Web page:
Pope Francis has stated on more than one occasion that the Catholic Church should not be intent on proselytizing the five-and-a-half billion persons who have not yet heard the Gospel message in its fullness. As recently as last month, His Holiness made the point that the Apostle Phillip did not convert the Ethiopian eunuch who was pondering passages from Isaiah by proselytizing the official but rather by listening to the official. The Pope made clear that he was still in favor of evangelization, which is announcing the spirit and truth of Jesus Christ to all peoples. An evangelizing Church will always be “on its feet and on the journey.” But an evangelizing Church will first listen to the unbelieving or faintly believing world before that Church preaches to the masses of humanity. The Pope applauds listening: “What do people feel? What does the heart of the people feel? What does it think? But do they think mistaken things? But I want to hear these mistaken things, in order to understand where the restlessness is. We all have this restlessness within. The second step for the Church is to find the restlessness of the people.”
In other talks Pope Francis has mentioned St. Therese of Lisieux who never left her Carmelite convent yet won souls by her prayers and good works. She helped “draw people to Jesus by way of attraction, not by proselytizing.” The Holy Father has also cited the small but faithful Catholic communities in the former Soviet republics. They are eager to extend the Kingdom of God but “they do it with prayer and charitable works.” A vibrant faith expressed through personal devotion to Christ and through practical concern for the neighbor will win hearts to the fullness of truth so the pontiff insists. Catholics must “seek an encounter and dialogue with all who believe in God, to build together a more just and fraternal world.” The Catholic world’s attitude toward the Eastern Orthodox world should not first of all be conversion but rather, “Be open, be a friend.” It might be well to note here that Pope Francis is not alone in his discouragement of proselytizing. (He once even labelled it “nonsense.”) Pope Benedict also explained that the Church “does not engage in proselytism. Instead, she grows by ‘attraction,’ … just as Christ draws all to himself by the power of his love.”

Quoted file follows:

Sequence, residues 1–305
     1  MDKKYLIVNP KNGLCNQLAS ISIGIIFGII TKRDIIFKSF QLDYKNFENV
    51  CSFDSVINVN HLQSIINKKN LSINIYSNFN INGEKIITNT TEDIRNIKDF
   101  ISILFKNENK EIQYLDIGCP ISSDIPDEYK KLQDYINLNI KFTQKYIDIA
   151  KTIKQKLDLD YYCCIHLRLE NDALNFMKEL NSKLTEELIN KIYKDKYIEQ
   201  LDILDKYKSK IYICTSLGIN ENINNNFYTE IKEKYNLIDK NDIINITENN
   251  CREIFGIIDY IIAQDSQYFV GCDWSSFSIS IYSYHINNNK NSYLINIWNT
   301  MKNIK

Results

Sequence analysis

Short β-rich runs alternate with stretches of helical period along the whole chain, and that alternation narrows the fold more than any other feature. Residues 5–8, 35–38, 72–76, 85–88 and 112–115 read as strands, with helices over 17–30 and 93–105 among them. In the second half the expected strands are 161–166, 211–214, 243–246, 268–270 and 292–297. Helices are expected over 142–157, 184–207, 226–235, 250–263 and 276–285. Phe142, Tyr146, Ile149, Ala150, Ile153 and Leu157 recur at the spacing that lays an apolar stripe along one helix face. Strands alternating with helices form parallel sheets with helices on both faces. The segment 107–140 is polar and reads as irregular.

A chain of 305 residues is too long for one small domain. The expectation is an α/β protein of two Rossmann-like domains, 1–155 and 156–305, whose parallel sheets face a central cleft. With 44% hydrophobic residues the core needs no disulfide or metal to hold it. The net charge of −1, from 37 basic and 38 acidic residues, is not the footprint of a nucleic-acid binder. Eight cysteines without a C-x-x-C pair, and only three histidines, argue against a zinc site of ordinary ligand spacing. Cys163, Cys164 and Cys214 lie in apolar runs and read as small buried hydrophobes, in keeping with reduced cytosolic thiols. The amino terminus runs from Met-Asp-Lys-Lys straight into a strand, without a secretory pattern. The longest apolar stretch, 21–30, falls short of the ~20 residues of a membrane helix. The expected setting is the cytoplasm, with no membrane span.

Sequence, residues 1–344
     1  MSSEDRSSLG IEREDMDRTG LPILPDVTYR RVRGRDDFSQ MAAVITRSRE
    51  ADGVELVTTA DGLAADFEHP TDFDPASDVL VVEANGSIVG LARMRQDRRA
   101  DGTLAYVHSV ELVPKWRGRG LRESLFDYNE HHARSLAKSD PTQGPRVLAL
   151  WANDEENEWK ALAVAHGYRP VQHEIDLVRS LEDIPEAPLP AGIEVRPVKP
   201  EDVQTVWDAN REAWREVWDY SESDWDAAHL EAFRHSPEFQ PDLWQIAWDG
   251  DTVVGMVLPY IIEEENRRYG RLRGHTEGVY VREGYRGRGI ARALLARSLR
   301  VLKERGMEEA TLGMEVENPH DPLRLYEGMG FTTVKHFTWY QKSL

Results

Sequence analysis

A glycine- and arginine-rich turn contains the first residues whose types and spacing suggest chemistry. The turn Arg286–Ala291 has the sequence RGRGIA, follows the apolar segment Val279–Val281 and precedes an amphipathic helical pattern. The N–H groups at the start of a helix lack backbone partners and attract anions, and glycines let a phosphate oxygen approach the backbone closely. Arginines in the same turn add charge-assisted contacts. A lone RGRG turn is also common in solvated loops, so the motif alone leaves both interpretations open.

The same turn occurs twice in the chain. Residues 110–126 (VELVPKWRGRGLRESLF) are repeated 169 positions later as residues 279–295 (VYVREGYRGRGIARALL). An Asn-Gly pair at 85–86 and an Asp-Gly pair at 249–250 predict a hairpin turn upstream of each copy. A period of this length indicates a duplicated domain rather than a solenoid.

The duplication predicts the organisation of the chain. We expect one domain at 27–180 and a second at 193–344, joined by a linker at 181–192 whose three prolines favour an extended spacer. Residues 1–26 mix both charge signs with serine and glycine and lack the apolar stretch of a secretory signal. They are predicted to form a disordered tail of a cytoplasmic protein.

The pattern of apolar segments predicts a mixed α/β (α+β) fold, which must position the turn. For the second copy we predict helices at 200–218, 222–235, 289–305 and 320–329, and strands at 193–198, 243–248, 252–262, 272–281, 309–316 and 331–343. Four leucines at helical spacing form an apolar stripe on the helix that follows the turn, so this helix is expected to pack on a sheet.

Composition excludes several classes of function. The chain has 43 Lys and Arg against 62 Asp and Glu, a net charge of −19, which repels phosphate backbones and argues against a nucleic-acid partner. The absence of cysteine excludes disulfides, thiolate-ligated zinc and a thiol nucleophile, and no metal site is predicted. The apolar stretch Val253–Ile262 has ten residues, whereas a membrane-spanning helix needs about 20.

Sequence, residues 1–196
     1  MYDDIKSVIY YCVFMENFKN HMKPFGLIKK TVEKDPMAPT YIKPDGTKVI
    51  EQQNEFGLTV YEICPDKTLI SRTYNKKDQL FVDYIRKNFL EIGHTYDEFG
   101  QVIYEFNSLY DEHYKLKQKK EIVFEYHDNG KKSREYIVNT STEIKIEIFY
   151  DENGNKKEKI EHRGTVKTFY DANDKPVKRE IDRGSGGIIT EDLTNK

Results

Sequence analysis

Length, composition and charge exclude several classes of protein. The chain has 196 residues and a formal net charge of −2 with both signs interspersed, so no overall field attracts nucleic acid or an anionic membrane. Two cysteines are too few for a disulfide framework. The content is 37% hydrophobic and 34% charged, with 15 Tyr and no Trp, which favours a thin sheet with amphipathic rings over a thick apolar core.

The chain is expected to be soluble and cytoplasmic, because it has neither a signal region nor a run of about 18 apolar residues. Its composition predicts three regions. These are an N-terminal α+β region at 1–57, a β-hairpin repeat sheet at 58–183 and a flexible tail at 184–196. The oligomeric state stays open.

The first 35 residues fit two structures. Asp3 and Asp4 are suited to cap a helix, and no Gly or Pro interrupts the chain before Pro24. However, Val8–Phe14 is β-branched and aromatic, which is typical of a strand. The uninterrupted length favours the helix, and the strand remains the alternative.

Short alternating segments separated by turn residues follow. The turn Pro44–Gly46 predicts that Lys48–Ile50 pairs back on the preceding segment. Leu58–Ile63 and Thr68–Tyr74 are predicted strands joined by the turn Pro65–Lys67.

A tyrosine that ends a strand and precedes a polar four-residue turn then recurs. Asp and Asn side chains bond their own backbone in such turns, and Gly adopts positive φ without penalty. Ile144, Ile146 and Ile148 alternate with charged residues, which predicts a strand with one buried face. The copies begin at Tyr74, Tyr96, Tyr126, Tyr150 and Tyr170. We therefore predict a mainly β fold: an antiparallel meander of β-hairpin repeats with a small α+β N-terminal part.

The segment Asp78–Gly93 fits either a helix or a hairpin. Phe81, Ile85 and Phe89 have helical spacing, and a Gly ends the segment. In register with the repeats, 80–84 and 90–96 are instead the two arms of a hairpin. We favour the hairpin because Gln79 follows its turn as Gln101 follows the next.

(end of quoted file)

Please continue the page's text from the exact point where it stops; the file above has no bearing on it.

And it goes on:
There is not one person currently reading the Quiet Corner whose Catholic faith does not stem from some eager missionary venturing to the lands of our ancient ancestors and winning them over by the Gospel message. St. Patrick famously converted Ireland. St. Augustine preached to England, St Denis to the French, St. Boniface to Germany. St. Ansgar won over Scandinavia. SS. Cyril and Methodius brought the Good News to Eastern Europe. Scores of missionaries have visited the Americas, Africa and Asia and planted the truths of the faith there. It is true that some attempts at evangelization did employ the heavy handed tactics of proselytization. Some might have put the cart before the horse by stressing belief over faith. But the Christian religion has endured most effectively when personal faith and charitable works have accompanied the preaching of the Gospel. Authentic dogma must be supported by enthusiastic goodwill.
In this coming Sunday’s Gospel passage, Jesus teaches boldly, “What I say to you in the darkness, speak in the light; what you hear whispered, proclaim on the housetops.” Jesus’ words here are audacious and challenging. There is much urgency about Christ’s instruction to his apostles and his disciples. The mandate of the Church is clearly to bring the Gospel “to every creature.’ Pope Francis does not deny the goal of the Church’s mission but rather revisits the means by which it is accomplished. There certainly is a place, an important place, within the Church for faithful dogma and authentic moral teaching. But if these instruments of salvation are not accompanied by fidelity within the preacher’s own life and by a willingness to heed the world’s varied needs then the mission of the Church will appear heavy-handed and hypocritical. The pontiff insists that a preacher’s faith-filled life is the first and most effective foundation for spreading the Good News to the larger world.
Strange as it may seem the goal of the Church is not to introduce people to the faith but rather to introduce them to Jesus. The faith apart from Jesus is merely doctrines and principles. Such is not the saving grace that Jesus died on the Cross and rose from the dead to win for the world. The faith rather “is an encounter,” the Pope insists. “It is a meeting with Supreme Truth: with Jesus, the great truth.” Only through faith, alive in the hearts of Christians, will the Gospel message be spread to every creature.
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